Book clubs in search of fresh material should check out this month's fiction round-up. Judging from these three books – two novels and a short story collection – 2011 is off to a great start.
The Coretta Scott King Book Awards recognize African American authors and illustrators of outstanding books for children and young adults. The following titles are aptly crafted to shed light on real issues even as they engage young literary minds.
The second installment of Gail Godwin’s journals traces her life and career from London to Iowa.
Crumbling ruins loom large in this late 2010 fiction roundup: There's a castle haunted by a madwoman and a mystery, a derelict race track that's the setting for this year's National Book Award-winner, and a once-stately manor home that now houses the insane and infirm.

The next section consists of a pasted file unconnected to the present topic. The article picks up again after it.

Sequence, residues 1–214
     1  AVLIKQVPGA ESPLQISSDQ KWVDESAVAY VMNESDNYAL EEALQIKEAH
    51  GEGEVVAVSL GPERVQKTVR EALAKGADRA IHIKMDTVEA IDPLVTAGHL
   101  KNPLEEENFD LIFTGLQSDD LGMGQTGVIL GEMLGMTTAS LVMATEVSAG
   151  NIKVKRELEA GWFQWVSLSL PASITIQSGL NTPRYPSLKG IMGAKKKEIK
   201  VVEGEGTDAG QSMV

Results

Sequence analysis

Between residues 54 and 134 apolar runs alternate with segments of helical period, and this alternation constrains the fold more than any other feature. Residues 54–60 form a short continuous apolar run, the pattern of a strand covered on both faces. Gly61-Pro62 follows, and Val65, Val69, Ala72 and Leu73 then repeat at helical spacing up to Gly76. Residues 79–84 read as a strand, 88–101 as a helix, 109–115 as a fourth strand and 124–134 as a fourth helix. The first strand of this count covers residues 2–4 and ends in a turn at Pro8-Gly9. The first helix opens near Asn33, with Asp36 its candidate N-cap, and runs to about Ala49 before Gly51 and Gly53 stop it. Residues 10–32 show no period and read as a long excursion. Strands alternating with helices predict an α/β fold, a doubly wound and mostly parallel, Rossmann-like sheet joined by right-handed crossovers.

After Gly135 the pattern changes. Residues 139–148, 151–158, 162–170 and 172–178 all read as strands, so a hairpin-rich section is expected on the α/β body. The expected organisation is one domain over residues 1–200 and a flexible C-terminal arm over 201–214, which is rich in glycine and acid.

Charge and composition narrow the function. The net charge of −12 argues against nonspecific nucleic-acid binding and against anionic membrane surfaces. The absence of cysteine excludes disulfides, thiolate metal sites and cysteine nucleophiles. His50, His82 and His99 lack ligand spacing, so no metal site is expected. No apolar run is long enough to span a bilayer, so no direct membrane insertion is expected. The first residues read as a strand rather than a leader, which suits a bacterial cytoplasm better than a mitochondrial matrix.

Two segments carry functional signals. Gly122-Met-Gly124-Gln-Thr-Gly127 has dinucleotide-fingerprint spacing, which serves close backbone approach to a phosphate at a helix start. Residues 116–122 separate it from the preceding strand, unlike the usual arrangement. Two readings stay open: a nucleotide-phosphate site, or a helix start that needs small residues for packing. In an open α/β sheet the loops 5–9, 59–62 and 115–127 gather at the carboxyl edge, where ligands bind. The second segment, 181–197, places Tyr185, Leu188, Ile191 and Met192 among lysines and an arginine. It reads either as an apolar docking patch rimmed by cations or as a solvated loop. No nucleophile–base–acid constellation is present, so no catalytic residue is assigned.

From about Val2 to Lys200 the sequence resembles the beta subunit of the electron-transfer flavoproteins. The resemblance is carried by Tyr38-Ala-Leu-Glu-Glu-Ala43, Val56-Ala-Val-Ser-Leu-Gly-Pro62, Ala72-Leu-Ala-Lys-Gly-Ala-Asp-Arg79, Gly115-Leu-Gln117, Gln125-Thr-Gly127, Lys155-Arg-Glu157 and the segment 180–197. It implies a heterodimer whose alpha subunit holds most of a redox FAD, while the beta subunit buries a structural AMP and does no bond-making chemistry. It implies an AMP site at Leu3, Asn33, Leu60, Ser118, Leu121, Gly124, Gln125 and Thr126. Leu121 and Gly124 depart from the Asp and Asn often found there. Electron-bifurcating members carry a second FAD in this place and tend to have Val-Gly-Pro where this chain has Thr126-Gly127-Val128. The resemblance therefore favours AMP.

What's selling best in independent bookstores across America.
Librarian Cynthia Dobrez uses e-readers, bibliotherapy, and her own intuition in her middle school library in Michigan.
Characters whose lives are altered by their inability to grasp the whole picture link three of this fall's most highly praised novels – although that's about the only thing they have in common. In one, a young mother goes to extraordinary lengths to protect her son; in another, an English couple go on vacation and find themselves in way over their heads; while in the third, a writer mourns the loss of a desk that has passed through many hands.
Colum McCann's novel "Let the Great World Spin" wins a $5,000 prize celebrating the power of book club selections.
Jonathan Franzen’s latest is already the year’s biggest novel.